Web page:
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Recommendations supporting Stable Families and a Strong Workforce

Recommendations supporting

Stable Families and a Strong Workforce

December 17, 2018

Since 2013, the Connecticut Asset Building Collaborative (CABC) has been the state’s leading organization to connect financial literacy practitioners and thought leaders to promote policies and practices that ensure stability for Connecticut families. The CABC supports Governor-elect Lamont’s proposals to increase the minimum wage and establish paid family and medical leave.  These measures will increase the financial stability of Connecticut families, address growing economic inequality and build a robust workforce that can earn and save towards higher education, home-ownership, retirement and emergency saving funds.  To maximize the impact of these policies changes, they must be bolstered with broad family economic security and workforce development initiatives. Ensuring the vigorous financial health of Connecticut families will enhance the state’s economy with a strong consumer base and reliable workforce for Connecticut businesses and employers.

The following summarizes CABC’s policy and best-practice recommendations to expand opportunities for Connecticut families and enhance the incoming administration’s policy agenda to raise the minimum wage and mandate paid family medical leave:

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March 2019 CABC News

Quarterly newsletter #12 is even later than usual, but there’s a good reason for that. The CT Asset Building Collaborative (CABC) steering committee spent some time revisiting the organization’s work, and came up with this results statement for the organization: “CABC is a cross-sector network committed to promoting financial stability and security for all Connecticut residents.” We will be updating our website in the next few weeks to reflect this new, more focused vision. Also, we put together a white paper for the Lamont transition team. Take a look and tell us what you think. 

We are working on peer learning sessions and would love YOUR thoughts and what topics would be of interest. Please email Joy Duva at jaduva@yahoo.com with your ideas. Also, we’re always interested in feedback from our members and readers of this newsletter about how CABC could be more useful to your work. Don’t hesitate to be in touch. Feedback on the newsletter specifically should be sent to me directly, at annie.harper@yale.edu.

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Now, on to news you can use and research that matters!

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From the Washington Post Wonkbook: How stress is harming America's health

Displaying By Ana Swanson

The stresses of poverty in the United States have grown so intense that they are harming the health of lower-income Americans — even prematurely leading to their death.

A report published Monday by the Hamilton Project at the Brookings Institution finds that stress levels have greatly increased for Americans at all income levels since the 1970s, but especially for low-income groups, as the chart below shows.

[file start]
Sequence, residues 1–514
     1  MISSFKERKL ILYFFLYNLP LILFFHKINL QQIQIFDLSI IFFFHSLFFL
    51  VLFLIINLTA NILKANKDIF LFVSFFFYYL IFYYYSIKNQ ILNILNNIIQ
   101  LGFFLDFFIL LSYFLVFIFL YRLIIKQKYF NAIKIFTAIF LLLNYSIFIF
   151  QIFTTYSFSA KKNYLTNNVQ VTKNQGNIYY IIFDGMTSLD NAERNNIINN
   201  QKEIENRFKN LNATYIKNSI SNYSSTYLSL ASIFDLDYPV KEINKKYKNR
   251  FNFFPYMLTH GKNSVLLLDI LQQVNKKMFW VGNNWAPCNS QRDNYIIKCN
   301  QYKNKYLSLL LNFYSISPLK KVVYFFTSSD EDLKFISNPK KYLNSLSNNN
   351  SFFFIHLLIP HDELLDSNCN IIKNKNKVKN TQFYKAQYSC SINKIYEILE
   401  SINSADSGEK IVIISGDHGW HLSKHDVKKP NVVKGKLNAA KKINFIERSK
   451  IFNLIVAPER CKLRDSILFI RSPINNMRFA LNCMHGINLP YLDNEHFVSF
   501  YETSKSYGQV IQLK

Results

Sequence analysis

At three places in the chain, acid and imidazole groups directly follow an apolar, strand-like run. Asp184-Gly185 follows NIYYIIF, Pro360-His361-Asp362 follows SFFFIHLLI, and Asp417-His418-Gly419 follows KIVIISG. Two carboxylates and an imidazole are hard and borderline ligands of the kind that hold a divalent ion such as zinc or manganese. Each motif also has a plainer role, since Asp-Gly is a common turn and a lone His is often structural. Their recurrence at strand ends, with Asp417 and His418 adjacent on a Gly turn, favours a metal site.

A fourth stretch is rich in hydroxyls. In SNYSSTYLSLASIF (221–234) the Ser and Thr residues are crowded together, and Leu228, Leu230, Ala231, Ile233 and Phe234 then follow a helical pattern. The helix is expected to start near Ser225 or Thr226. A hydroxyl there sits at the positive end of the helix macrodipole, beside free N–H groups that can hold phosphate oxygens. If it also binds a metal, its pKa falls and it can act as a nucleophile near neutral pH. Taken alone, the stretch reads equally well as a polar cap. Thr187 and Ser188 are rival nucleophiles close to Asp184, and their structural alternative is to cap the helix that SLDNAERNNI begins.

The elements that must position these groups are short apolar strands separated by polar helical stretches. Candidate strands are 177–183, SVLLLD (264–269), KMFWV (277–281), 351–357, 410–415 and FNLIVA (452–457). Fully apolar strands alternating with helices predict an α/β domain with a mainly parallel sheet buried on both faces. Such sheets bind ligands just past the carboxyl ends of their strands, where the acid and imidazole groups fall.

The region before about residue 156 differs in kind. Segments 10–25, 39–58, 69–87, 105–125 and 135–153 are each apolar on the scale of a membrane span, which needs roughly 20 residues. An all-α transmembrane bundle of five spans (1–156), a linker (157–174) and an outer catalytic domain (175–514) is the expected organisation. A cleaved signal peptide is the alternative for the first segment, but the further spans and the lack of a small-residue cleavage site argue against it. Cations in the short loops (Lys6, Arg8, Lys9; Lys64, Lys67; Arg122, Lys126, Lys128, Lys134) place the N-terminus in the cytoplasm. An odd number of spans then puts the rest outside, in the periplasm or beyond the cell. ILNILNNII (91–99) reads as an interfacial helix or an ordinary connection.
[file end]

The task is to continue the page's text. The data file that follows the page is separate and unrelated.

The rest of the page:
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Over 300,000 Households Cannot Pay Their Utility Bills

More than 320,000 Connecticut households cannot afford to pay their utility bills. The latest Home Energy Affordability Gap study finds that these households, whose incomes are at or below 200% or less than the Federal Poverty Level, owe, on average, $1,241 more in annual energy bills than they can afford to pay. Programs such as Operation Fuel, which released the report, provide energy assistance to many households, but there is an enormous shortfall between the need and what these organizations can provide.

In order to keep their lights on, appliances functional, and homes warm, people often cut back on basic needs such as nutritious food, health costs and education related expenses. The stress from this "financial juggling" has a severe impact on the physical and mental health of families, which is especially acute for vulnerable populations such as children and the elderly. Disconnection rates are sky high as shown in the latest data from UI shows that more than 7,000 ‘hardship’ households (those with financial difficulties), or 2.5% of all households that UI serves, had their electricity disconnected between May and November 2016 (the utilities are not permitted to disconnect such families during the winter months). This is up from 5,621 households during 2015.

When the worst happens and people’s electricity and/or gas are disconnected, or they are unable to keep their oil tanks full, they live in cold and darkness. Sometimes people use their stoves to heat their homes, risking carbon monoxide poisoning, or use candles for light with the attendant fire risk. In efforts to have their utilities turned back on, people may resort to high cost loans, such as ‘payday loans’, officially illegal in Connecticut but readily available online, or other costly forms of credit. Asset building support that helps people to build up an emergency fund, even as small as $500, could prevent some from falling behind on their utility bills, or finding themselves unable to pay a larger than usual bill.

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